|When you opt to display errors, an error is sent to the standard output stream, which in the case of a Web page means that it is sent to the browser.You toggle this setting on and off via this php.ini setting:|
display_errors = On
display errors is very helpful for development because it enables you to get instant feedback on what went wrong with a script without having to tail a logfile or do anything but simply visit the Web page you are building. Whatâ€™s good for a developer to see, however, is often bad for an end user to see. Displaying PHP errors to an end user is usually undesirable for three reasons:
1.It looks ugly.
2.It conveys a sense that the site is buggy.
3.It can disclose details of the script internals that a user might be able to use for nefarious purposes.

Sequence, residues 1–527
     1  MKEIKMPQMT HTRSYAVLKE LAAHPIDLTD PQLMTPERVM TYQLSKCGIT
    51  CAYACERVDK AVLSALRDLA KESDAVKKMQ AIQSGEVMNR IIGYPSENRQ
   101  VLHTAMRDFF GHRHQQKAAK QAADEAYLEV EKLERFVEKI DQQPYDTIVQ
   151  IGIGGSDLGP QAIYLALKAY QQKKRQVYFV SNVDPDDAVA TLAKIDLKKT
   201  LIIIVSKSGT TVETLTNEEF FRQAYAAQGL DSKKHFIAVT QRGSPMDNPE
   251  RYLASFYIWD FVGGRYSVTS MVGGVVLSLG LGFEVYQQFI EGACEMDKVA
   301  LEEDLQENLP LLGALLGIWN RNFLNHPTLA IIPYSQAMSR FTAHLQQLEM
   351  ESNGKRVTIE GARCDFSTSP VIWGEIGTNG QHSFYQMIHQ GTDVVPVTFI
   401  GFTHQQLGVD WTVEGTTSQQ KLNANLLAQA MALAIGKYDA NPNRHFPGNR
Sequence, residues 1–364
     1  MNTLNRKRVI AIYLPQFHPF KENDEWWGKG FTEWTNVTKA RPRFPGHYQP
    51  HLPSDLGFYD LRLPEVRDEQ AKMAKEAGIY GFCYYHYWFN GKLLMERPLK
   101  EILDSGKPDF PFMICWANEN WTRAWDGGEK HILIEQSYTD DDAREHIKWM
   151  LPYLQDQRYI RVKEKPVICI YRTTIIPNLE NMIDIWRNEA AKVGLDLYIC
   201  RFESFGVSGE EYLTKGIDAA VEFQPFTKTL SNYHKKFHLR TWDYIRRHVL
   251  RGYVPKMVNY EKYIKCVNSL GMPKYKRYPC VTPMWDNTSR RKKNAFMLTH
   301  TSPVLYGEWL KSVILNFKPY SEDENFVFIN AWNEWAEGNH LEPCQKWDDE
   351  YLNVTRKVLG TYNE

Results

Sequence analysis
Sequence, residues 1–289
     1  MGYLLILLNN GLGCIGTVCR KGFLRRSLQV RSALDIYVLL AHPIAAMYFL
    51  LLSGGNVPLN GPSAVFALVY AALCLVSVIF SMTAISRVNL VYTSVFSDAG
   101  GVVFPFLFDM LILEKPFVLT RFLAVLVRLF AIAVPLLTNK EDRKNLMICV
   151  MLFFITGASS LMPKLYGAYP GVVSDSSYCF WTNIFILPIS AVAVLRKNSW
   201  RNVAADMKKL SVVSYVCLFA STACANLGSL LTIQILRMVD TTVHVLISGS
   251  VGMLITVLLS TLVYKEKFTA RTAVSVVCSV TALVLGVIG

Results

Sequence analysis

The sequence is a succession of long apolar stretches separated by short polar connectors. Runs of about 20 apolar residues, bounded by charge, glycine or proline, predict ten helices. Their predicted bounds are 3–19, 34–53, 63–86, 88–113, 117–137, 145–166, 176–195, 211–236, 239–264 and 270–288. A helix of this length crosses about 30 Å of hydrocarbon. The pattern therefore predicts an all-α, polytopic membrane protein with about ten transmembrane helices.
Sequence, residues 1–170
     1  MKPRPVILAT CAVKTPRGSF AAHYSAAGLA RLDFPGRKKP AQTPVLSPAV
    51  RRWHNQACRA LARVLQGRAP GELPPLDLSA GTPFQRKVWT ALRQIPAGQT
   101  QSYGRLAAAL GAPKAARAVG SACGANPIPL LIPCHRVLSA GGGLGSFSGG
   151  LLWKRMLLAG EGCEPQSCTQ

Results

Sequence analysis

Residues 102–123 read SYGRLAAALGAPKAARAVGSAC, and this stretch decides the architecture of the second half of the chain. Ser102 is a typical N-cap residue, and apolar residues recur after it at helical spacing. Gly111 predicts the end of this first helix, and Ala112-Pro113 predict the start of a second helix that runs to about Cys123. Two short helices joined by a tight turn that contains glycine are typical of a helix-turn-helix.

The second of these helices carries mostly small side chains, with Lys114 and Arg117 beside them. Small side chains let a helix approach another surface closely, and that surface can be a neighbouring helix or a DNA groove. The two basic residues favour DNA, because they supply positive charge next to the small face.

from perusing the code that had appeared on the Web for mere hours the year before. We were lucky in that case:The main exploits he had were on unvalidated user input and nondefaulted variables (this was in the days before register_global
). All our database connection information was held in libraries and not on the pages. Many a site has been seriously violated due to a chain of security holes like these:
1.Leaving display_errors on.
2.Putting database connection details (mysql_connect()) in the pages.
3.Allowing nonlocal connections to MySQL.
These three mistakes together put your database at the mercy of anyone who sees an error page on your site.You would (hopefully) be shocked at how often this occurs. I like to leave display_errors on during development, but I never turn it on in production.